Joe Klamar / Getty / MarinaGrigorivna / Shutterstock / Arsh Raziuddin / The Atlantic

“It’s a phantom-limb penis syndrome,” said a tall, British man who goes by the name Adam Sutra. Adam is the CEO of CamasutraVR, a company that makes, among other products, virtual-reality pornography. He was trying to explain to me what it’s like when you’re a man, you’re immersed in virtual reality, and you look down at yourself.

Adam works in a downtown Los Angeles loft that was arranged like any start-up with ambitious goals. High ceilings, concrete floors, and skateboards leaning against a wall upon which hung a poster for the indie rock band Pavement. Outside, there was the clamor of construction in a neighborhood busily gentrifying. Inside, the late-morning sunlight illuminated the room.

On the computer screen before us, a 3-D rendering of a naked man was stomping around a virtual apartment. “I’m now in the body of a black, male performer with a 12-inch penis,” Adam announced. The virtual apartment’s decor was banal: a white coffee table next to a sofa, a bowl of oranges on the kitchen counter, an Oriental rug on the floor. But in the main room, the real porn star Casey Calvert had been digitally scanned and recreated as a digital doppelgänger. She was dancing around a stripper pole, grinding to the ominous chords of Metallica’s “Enter Sandman.”

For the new pornographers like Adam Sutra, technology can erase the material world. In virtual reality, there are no limits, not even when it comes to sex. “If you can meet in your virtual-reality space, anything’s possible,” Adam observed coolly as the man bore down upon the woman, her prerecorded moans filling the air.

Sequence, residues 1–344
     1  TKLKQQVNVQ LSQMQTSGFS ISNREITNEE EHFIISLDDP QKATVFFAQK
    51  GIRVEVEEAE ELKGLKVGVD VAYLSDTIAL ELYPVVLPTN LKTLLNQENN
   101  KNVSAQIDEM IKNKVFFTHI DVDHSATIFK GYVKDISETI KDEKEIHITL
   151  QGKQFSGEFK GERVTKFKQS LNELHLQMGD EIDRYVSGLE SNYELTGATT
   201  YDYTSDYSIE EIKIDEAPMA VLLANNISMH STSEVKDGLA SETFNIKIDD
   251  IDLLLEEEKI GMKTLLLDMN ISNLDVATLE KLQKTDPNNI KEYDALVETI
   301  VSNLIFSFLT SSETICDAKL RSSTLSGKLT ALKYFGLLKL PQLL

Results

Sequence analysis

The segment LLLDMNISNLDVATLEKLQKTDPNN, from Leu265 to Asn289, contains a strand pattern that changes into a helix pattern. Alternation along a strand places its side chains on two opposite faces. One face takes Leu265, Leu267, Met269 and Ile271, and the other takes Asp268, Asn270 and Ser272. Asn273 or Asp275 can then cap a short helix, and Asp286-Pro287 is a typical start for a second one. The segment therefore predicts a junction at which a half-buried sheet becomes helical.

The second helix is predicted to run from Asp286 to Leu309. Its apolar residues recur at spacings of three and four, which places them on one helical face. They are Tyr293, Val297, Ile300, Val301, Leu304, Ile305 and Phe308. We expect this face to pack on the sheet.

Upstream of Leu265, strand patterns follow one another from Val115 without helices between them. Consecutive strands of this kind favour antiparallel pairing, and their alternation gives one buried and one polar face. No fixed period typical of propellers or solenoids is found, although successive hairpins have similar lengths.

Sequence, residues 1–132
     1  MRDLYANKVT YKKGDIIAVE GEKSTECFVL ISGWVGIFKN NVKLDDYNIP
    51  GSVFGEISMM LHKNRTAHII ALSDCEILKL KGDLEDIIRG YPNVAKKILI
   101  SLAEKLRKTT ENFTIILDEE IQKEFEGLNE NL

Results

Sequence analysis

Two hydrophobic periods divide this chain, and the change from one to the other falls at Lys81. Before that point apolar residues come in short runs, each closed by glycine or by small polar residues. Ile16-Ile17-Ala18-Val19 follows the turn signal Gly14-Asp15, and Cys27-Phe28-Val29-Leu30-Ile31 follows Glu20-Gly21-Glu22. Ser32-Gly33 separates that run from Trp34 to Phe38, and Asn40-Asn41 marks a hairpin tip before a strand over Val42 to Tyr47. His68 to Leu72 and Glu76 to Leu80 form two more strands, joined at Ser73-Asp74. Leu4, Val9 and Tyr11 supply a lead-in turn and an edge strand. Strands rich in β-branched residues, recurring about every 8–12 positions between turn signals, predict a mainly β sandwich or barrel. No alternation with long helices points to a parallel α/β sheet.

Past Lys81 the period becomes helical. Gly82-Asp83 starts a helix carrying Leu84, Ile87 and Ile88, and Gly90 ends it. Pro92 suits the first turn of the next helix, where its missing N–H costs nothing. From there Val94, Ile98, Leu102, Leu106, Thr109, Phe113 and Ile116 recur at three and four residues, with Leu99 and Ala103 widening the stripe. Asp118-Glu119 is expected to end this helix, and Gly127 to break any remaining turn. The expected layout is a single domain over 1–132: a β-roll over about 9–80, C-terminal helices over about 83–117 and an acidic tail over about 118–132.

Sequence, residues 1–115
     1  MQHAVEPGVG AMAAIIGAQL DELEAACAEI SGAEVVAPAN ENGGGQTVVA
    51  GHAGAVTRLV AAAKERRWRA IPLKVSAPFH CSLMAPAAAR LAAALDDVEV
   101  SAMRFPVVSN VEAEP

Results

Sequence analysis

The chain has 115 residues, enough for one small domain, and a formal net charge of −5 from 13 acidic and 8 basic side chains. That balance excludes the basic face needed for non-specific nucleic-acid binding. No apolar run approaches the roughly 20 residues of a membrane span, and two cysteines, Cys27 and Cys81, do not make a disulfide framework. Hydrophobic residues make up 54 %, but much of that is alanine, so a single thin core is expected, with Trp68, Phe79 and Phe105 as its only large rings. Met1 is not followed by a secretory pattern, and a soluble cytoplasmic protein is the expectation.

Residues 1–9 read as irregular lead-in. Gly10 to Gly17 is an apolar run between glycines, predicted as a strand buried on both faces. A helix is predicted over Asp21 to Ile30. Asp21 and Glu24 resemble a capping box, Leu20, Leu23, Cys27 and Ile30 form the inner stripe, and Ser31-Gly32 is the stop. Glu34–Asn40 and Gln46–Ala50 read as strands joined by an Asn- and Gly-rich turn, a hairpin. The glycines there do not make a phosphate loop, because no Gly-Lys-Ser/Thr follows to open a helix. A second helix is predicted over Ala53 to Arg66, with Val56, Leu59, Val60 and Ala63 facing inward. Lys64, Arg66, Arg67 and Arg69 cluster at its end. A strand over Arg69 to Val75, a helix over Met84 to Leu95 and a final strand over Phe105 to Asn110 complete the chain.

Porn wasn’t always like this. It used to be real. Real people made real porn movies on real movie sets in the San Fernando Valley, earning the area the nickname “Porn Valley.” Now virtual reality is their competition. Start-up bros with computer-science degrees and blockchain fetishes are hoping they can sell virtual sex to the masses.

Whether or not people get turned on by VR pornography, the technology is changing the places where adult content has traditionally been created. Porn Valley is being displaced by porn’s uncanny valley—an X-rated version of the theory holding that a robotic or simulated entity that appears to be human, but not quite fully human, revolts us. Losing a connection to the material world—the skin and sweat of reality—may also lose what makes porn alluring.

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The 1960s and ’70s were the Golden Age of Porn. Back then, adult movies were shot on film and the business of producing pornographic movies was decentralized, operating primarily out of New York, San Francisco, and Los Angeles. In the ’80s, adult-movie production was centralized in the San Fernando Valley, northwest of the Los Angeles Basin. Cheap rent and the proximity to the entertainment industry made for an ideal location. Porn Valley was born.

In 1998, I moved from the San Francisco Bay Area, where I was born and raised, to Los Angeles. I was a freelance journalist with an interest in the adult-movie industry. By then, the business had grown exponentially. The barrier to entry was lower due to the newly affordable video camera, the internet was delivering adult content directly into consumers’ homes for the first time in history, and a two-term liberal administration in the White House and an attorney general who had little interest in pursuing federal obscenity prosecutions had combined to create an “anything goes” atmosphere in the manufacturing of pornography. Business was booming.

Every so often, I headed over the Cahuenga Pass and descended into the Valley, where I watched as porn movies were shot in rented, ranch-style homes and on massive soundstages, as cowboy-boots-wearing adult-talent agents in wood-paneled offices hosted cattle calls in search of fresh-off-the-bus talent, as cavernous warehouses were stocked to the rafters with dirty movies.